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Charlie McAvoy a better NHL player than fan

BOSTON—When he’s playing, Bruins defenceman Charlie McAvoy said, it’s easy for him to maintain his composure and concentrate on the game in front of him.

But up in the press box, that’s the hard part.

Boston’s Charlie McAvoy had seven goals and 21 assists from the blue line this year, his second full season in the NHL.  (Charles Krupa / The Associated Press)

“I’m not a very good hockey watcher,” McAvoy said as he prepared to return from his one-game suspension for Game 2 of the Eastern Conference final against the Carolina Hurricanes. “The game seems like it’s much longer.”

McAvoy was suspended for a shoulder to the head of Columbus forward Josh Anderson in the second-round finale. So instead of taking the ice in his usual pairing with Zdeno Chara, McAvoy was wandering around the media dining area before Game 1, wondering if he had to pay or not. (He didn’t.)

And while his teammates were beating the Hurricanes 5-2 in the conference final opener, McAvoy was in street clothes on the very top level of Boston’s TD Garden, trying to keep his emotions under control.

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“Here on this level, I’m like this,” McAvoy said, holding out his hand, palm down, and moving it in a steady and straight line in front of his face.

“But up there,” he said, pumping his fist and bouncing out of his imaginary seat. “I’m glad I get to play (Sunday).”

A 21-year-old first-round draft choice from Boston University, McAvoy had seven goals and 21 assists from the blue line this year, his second full season in the NHL. He missed six weeks early in the season with a concussion and another two over Christmas because of a foot injury.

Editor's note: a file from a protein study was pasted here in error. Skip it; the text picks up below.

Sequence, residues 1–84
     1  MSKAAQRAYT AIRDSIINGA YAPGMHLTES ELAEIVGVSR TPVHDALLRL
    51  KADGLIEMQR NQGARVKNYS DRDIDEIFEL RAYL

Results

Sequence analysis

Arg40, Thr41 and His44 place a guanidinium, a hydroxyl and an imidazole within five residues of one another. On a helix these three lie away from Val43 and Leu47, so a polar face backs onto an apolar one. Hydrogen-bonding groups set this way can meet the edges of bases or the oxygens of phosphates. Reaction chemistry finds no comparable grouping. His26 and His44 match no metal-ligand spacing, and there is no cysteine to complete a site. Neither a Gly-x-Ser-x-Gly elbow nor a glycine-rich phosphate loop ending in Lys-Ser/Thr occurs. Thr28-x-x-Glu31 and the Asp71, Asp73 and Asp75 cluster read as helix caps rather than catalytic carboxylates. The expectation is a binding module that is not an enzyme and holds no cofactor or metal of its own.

But he hadn’t had to sit out healthy, for just one game.

McAvoy said tried to use the forced break to his advantage.

“Whenever you’re out, you can use it as an opportunity to get other things feeling right,” he said, adding that watching the game from above game him a perspective that would be beneficial. “I feel like I picked up on some things.”

Bruins coach Bruce Cassidy said McAvoy was missed for his physical play and his ability to start the transition to offence.

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“Those up-the-middle passes that maybe the other guys just don’t have the vision or confidence, or both, to make,” he said. “Those quick-strike plays where forwards are getting the pucks in their hands in good spots with a better chance to attack.”

Steven Kampfer, who replaced McAvoy in the lineup, had Boston’s first goal, and the Bruins scored four times in the third period on Thursday night to take a 1-0 lead in the best-of-seven series. Game 2 is Sunday at the TD Garden, with the series moving to Carolina for Games 3 and 4 on Tuesday and Thursday.

The Hurricanes fell behind 2-0 in their first-round series against the Washington Capitals before eliminating the defending Stanley Cup champions in seven games. In the second round, they swept the New York Islanders.

“We don’t want to get down 2-0,” Carolina coach Rod Brind’Amour said. “If we get to that point, that’s what everyone will be saying. We have some things to draw on, no matter what, no matter which way this thing goes.”

  • Cassidy said forward Noel Acciari won’t play in Game 2 but may be on track to return for Tuesday’s Game 3 in Carolina. Acciari (undisclosed injury) returned to non-contact practice on Saturday and was expected to be cleared for full practice on Monday, Cassidy said.
  • Saku Maenalanen is skating, but he still can’t shoot because of his hand injury, Brind’Amour said. Forward Jordan Martinook “is going to play,” Brind’Amour said. “He’s banged up, a little gimpy out there. But we want him in the lineup.”

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